Italian Food Italy

Lazy Cows Make The Best Cheese

The story of a first taste of Caciocavallo cheese in Puglia, Italy. What Caciocavallo tastes like and the Podolica Cows that make it so unique.

Ok so maybe the Podolica Cow is not exactly lazy, it’s just a perfectionist. Why does the work ethic of a Cow matter? One word, Caciocavallo. Perfectly subtle, slightly salty cheese, lovingly stretched and shaped by hand that is made from the milk of the Podolica Cow.

Grazing in the wild over Southern Italy’s difficult terrain, Podolica Cows eat what they can find. They adapt, they are hearty and they like herbs. Lucky for us Cheese Lovers, this means smaller yields of milk with high fat content, rich with the flavors of their herb grazing ways.

How did I come across this Cheese Trivia Gem you ask? Well, Bello and I like to save money when we travel, so we typically pick up some groceries and wine, to eat one meal a day in our hotel. In Southern Italy, this practice yielded many surprises. Local craftsmen opened their cellars, their caves, their cases and proudly told tales of their trade.

Caciocavallo Cheese from Puglia, Italy

While in Vieste Centro (the city center) we arrived at La Massaia just as markets began to close for the afternoon. A choir of Caciocavallo lined the back wall beckoning to us with their heady cheese scent. Little did we know a passionate Formagère was about to take us to church.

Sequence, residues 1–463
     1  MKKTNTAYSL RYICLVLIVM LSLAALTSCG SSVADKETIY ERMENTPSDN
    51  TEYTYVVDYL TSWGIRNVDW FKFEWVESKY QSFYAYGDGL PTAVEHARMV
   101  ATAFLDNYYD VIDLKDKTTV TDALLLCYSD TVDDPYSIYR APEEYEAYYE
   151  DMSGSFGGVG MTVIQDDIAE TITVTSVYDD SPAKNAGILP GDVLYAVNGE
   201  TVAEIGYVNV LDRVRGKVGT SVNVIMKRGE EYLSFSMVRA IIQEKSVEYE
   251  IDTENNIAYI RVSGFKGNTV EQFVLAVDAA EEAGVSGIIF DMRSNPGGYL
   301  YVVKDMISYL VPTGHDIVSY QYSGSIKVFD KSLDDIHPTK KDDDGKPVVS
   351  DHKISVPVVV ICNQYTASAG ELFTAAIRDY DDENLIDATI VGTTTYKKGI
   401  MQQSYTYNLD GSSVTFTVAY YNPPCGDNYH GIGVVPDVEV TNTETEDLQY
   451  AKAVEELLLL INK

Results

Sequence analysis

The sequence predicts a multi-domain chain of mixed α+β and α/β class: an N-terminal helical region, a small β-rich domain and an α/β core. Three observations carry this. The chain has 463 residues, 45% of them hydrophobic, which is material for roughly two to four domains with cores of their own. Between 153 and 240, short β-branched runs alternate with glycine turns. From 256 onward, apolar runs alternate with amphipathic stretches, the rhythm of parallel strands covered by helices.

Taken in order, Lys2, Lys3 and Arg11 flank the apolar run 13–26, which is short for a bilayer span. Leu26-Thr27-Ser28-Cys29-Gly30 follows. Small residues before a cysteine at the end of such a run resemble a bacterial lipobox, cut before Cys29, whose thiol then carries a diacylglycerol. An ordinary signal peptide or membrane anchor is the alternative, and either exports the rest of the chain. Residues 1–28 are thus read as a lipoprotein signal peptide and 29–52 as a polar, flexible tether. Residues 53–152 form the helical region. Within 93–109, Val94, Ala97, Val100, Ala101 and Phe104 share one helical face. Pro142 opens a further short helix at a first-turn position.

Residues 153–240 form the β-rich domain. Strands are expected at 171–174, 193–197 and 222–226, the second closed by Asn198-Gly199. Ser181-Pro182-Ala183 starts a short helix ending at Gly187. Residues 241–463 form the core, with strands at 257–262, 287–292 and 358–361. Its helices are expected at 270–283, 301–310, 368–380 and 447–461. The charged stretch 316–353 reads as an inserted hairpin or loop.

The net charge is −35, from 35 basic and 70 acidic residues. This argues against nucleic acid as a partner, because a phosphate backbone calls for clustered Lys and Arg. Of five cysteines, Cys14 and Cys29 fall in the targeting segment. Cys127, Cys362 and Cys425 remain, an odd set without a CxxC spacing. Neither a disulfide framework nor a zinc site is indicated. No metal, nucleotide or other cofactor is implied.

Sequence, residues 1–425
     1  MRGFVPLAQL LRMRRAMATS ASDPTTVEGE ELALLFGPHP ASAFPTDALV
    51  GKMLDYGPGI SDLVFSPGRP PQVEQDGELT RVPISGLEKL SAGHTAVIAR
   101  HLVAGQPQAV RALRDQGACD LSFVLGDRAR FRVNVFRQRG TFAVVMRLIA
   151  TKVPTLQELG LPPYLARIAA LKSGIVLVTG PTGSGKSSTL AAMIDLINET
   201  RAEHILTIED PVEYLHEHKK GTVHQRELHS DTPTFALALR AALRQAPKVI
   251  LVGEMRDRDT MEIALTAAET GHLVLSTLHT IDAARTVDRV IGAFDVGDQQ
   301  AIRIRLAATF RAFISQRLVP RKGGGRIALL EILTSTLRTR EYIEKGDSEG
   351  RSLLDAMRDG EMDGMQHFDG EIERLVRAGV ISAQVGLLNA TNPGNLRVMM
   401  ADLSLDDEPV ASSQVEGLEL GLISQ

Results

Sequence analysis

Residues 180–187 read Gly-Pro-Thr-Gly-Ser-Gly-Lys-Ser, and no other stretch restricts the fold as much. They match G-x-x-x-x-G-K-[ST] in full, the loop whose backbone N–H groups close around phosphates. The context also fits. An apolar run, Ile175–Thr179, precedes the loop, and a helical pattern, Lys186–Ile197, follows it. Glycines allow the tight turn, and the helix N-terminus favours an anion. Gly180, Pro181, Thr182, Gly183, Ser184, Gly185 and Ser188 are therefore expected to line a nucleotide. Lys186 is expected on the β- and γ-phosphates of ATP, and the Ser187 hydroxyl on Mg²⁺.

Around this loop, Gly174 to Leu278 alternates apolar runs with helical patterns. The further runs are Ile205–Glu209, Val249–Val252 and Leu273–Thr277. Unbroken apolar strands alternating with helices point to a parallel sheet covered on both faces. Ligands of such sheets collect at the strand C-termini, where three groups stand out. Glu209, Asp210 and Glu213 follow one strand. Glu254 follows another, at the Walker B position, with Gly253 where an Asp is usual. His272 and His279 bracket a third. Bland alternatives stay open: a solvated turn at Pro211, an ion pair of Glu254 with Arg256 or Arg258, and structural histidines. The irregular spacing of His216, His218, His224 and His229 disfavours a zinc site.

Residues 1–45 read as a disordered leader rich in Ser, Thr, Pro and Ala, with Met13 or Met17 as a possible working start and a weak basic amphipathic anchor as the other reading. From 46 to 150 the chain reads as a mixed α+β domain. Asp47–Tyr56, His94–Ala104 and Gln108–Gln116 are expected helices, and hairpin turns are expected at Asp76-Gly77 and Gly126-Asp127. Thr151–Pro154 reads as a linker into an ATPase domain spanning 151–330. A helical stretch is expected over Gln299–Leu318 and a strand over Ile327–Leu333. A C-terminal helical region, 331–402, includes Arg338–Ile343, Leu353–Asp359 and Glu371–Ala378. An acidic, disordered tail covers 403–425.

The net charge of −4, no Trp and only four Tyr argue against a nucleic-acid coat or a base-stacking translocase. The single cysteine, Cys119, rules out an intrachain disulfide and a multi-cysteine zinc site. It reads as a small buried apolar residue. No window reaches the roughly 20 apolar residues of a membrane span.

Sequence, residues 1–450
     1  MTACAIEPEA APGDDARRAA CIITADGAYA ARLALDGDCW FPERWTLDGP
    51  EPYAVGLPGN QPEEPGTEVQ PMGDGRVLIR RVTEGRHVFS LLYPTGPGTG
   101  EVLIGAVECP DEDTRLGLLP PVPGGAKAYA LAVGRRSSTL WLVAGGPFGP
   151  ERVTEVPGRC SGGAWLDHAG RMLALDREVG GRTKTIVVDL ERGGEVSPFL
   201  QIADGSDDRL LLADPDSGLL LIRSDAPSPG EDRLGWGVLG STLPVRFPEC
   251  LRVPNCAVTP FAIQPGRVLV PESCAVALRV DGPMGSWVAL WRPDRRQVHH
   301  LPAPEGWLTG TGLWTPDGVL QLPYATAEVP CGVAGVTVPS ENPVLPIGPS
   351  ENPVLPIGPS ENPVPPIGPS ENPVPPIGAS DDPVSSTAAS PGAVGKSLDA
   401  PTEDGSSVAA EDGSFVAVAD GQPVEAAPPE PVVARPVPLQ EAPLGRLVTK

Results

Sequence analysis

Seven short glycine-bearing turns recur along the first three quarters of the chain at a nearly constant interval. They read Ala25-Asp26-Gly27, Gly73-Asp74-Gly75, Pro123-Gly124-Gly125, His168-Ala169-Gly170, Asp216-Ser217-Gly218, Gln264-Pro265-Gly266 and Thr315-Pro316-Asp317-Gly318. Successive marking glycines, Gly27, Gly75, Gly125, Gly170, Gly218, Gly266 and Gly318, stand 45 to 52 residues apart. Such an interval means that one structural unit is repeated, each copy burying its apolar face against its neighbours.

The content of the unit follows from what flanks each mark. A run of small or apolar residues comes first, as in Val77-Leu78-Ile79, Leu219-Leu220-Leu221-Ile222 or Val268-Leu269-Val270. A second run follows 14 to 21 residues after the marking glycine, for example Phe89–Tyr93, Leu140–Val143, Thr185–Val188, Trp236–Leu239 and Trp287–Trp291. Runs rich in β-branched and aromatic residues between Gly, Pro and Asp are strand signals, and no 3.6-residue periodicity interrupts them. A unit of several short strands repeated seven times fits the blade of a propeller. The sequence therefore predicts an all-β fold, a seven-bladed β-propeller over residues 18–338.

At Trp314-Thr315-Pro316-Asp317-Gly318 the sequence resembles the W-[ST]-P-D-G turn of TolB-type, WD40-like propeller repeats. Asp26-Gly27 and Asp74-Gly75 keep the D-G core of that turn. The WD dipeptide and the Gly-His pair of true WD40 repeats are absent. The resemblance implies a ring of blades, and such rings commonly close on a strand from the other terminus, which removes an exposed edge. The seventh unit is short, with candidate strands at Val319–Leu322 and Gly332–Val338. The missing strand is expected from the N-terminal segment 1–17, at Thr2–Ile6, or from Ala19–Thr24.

On hearing I was new to Caciocavallo he threw open a door discretely closed to his left and invited us into his Cheese Cave. Forget closing hours, this was important! He led us down a few steps explaining in rapid Italian the secret to his cheese, the Podolica Cow. Rounding the corner I realized this American had just been brought to an Italian temple of cheese.

A Hidden Temple of Cheese
A Hidden Temple of Cheese

After noting aging intensifies the flavor and creates a more firm texture, we were left to pick our very own bundle of Caciocavallo. We like complex cheeses and went for a small hardened bulb dotted with age. After a wire brush scrubbing our cheese baby was… chopped in half on a cutting board specifically crafted for its bulbous form.

Proud Cheese Craftsman
Proud Cheese Craftsman

That afternoon we feasted on a simple meal of Caciocavallo and tomatoes smashed on fresh crusty bread  (like passionate Southern Italians do) with a local white wine.

Just in case there is any doubt why a blog post would be dedicated to a single cheese shopping experience, I’ll say this. Bello and I left La Massaia, not just swaddling our cheese baby, but with knowledge and appreciate for the passionate dedication to tradition and craftsmanship of Caciocavallo. To us, the experience represented everything we love about Italy that yields a difference you can literally taste.

Our 16€ bought us enough cheese to enjoy for the remainder of our vacation in Southern Italy and still have plenty to share with Mamma Elena and Papà Piere Luigi back in Torino. The pride with which our Caciocavallo Cheese Baby was born, spoke loudly with every nibble, slice and grate.

Eating in Italy is an education, it’s eye opening. Quality ingredients with little to no preparation can yield a perfect meal. Of corse a view like this goes a long way to a memorable meal too.

Caciocavallo Driven Dinner
Caciocavallo Driven Lunch with a View

View from the balcony of our wonderful Residence MareSol in Vieste, Italy.

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